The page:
Security has always been a top priority for Google. Over the years, the company has invested a lot in ensuring that their services use industry leading security such as strong HTTPS encryption by default. This means that anyone using Google’s services like Search, Google Drive and Gmail automatically have a secure connection to Google’s servers. But beyond their products, Google’s ultimate aim is to make the internet a safer place for users, especially those using its search engine. On august 8th, 2014, Google announced that they will be using website security as a ranking signal. This means that websites that use HTTPS/SSL encryption are going to ranker higher in Google’s search engine. The signal is quite weak at the moment – affecting less than 1% of global queries – but Google did mention that the signal may be strengthened over time to give noncompliant websites time to switch to HTTPS/SSL security. The change is designed to promote online security by encouraging webmasters to implement SSL/TLS to encrypt website traffic. While most major websites had already implemented HTTPS/SSL following Edward Snowden’s revelations of NSA snooping, the standard practice has been to implement a secure connection only at the websites log in page. Making all web connections HTTPS secure by default is the most effective defence against man in the middle attacks thus protecting surfers’ privacy all the time.
What is HTTPS/SSL?
HTTPS (Hyper Text Transfer Protocol Secure) is the more advanced version of HTTP and is usually implemented on websites to keep ecommerce transactions secure. When a surfer visits a websites via HTTPS, the site uses a digital SSL (Secure Sockets Layer) certificate to create a secure connection between the server and the browser. Websites with valid SSL certificate can be easily identified if the address begins with https:// as opposed to http://. Moreover, web browsers such as Firefox and chrome always display a padlock icon to indicate that the site being visited has been secured in this manner. Up until Google’s announcement, HTTPS/SSL encryption had been used by just over ten percent of all websites.
What are the SEO implications of switching to HTTPS?
Having been rolled out recently as a ranking signal, its effect is still incredibly small, and has only had an impact on less than 1% of global search queries. As it stands, running your website via HTTPS is not going to push you to the top of Google’s search results for your keywords; there are literally hundreds of other things you should be doing that would yield better results in terms of improvements in search rankings. But industry experts expect HTTPS to grow in importance over the coming years, which means that it would stand you in good stead to prepare for the inevitable mass shift to HTTPS by preparing the migration early.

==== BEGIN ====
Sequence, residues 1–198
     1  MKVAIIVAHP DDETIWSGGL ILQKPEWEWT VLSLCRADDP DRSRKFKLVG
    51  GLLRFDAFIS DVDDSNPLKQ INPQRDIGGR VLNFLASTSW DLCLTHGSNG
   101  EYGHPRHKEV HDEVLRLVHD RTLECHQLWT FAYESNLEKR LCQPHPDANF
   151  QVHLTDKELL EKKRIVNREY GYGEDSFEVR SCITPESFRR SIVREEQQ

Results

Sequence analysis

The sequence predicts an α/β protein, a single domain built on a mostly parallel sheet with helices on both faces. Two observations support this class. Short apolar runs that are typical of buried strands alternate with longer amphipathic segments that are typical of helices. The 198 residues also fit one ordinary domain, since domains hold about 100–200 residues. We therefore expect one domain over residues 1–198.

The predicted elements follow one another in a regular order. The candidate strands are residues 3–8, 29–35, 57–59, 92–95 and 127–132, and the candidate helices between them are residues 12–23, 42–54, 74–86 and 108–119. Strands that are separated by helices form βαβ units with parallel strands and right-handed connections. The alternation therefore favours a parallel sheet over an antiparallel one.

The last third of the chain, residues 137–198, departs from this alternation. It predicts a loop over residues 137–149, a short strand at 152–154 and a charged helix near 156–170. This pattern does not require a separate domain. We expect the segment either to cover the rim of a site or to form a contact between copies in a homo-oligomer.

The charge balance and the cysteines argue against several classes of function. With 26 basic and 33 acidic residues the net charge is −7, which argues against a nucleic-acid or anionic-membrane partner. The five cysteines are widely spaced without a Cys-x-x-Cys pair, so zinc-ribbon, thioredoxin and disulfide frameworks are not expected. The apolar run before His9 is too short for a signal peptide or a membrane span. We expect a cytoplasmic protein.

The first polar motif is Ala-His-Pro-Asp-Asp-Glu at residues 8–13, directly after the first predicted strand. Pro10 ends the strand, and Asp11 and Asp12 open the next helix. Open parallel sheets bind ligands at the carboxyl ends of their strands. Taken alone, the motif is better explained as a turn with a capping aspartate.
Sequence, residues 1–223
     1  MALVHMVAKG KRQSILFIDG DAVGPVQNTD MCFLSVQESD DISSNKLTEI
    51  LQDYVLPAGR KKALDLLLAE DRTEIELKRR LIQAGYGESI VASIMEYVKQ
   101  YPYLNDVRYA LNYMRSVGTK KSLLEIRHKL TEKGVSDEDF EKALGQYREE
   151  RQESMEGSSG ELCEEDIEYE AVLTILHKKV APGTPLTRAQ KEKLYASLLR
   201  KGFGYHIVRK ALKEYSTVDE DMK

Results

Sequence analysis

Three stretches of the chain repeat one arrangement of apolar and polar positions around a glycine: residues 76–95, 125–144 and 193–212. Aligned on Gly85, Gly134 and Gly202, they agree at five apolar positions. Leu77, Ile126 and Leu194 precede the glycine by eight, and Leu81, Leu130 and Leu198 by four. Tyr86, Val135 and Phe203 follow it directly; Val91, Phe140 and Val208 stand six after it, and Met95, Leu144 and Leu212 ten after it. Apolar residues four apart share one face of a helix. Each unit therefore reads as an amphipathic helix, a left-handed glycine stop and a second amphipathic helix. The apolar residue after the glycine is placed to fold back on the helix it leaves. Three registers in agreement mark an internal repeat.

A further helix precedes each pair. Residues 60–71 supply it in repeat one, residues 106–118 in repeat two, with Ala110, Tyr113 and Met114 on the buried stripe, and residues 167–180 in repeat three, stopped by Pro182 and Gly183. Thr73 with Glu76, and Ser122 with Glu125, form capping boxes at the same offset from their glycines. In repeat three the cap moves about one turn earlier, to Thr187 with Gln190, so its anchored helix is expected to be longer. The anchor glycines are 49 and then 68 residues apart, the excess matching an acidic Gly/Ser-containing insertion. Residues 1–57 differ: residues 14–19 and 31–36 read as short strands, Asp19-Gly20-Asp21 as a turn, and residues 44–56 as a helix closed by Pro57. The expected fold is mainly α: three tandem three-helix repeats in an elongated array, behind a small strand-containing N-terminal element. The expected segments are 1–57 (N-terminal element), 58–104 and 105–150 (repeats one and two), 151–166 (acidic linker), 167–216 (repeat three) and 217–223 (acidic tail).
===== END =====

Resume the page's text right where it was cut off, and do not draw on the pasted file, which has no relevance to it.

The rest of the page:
What if I already have HTTPS/SSL?
Most ecommerce websites already have HTTPS/SSL encryption enabled in their checkout and login pages to protect user privacy and secure online transactions. But it is important to note that any ranking boost from HHTPS/SSL only applies to SSL enabled web pages. To reap maximum benefits, you need to make your entire domain name, all the files, and URLs SSL secure. The pages then have to be tested to ensure that users don’t get any SSL certificate errors. All videos, images and third party content have to be adapted to ensure that the page doesn’t give a security warning when accessed from a remote browser. In fact, Google recommends using the Qualys Lab tool to test SSL pages and certificates.
What are the negatives?
Done right, there are no downsides that we can absolutely confirm in regards to switching from HTTPS to SSL. While many webmasters have previously expressed concern over the lower load speed of HTTPS sites VS https, the issue has been mostly negated by Google’s work on SPDY. Furthermore, Google Webmaster Tools has been improved to support HTTPS reporting. But to get best results, it is strongly recommended to seek advice from an experienced SEO consultant or developed before making the switch from HTTP to HTTPS.
We recommend playing a wait-see-approach to implementing SSL on your site. If you are not selling products through e-commerce on your website, we would not recommend changing your website to SSL yet. Ask yourself this “When was the last time that Google said something would give you a rankings boost? Even slight?” We can’t remember one. Now this could be viewed as total conspiracy stuff, but what if Google were to set their algorithm to have a higher quality standard for sites with SSL and your site was right on the threshold for quality before going to SSL? Could this mean that your site may give a signal to Google that you are doing SEO on your site and your site ends up penalized? We don’t really know at this point. This is the main reasons why we are going to be patient and test this on a few test sites before we start recommending this to any of our clients at Coronation Internet Marketing.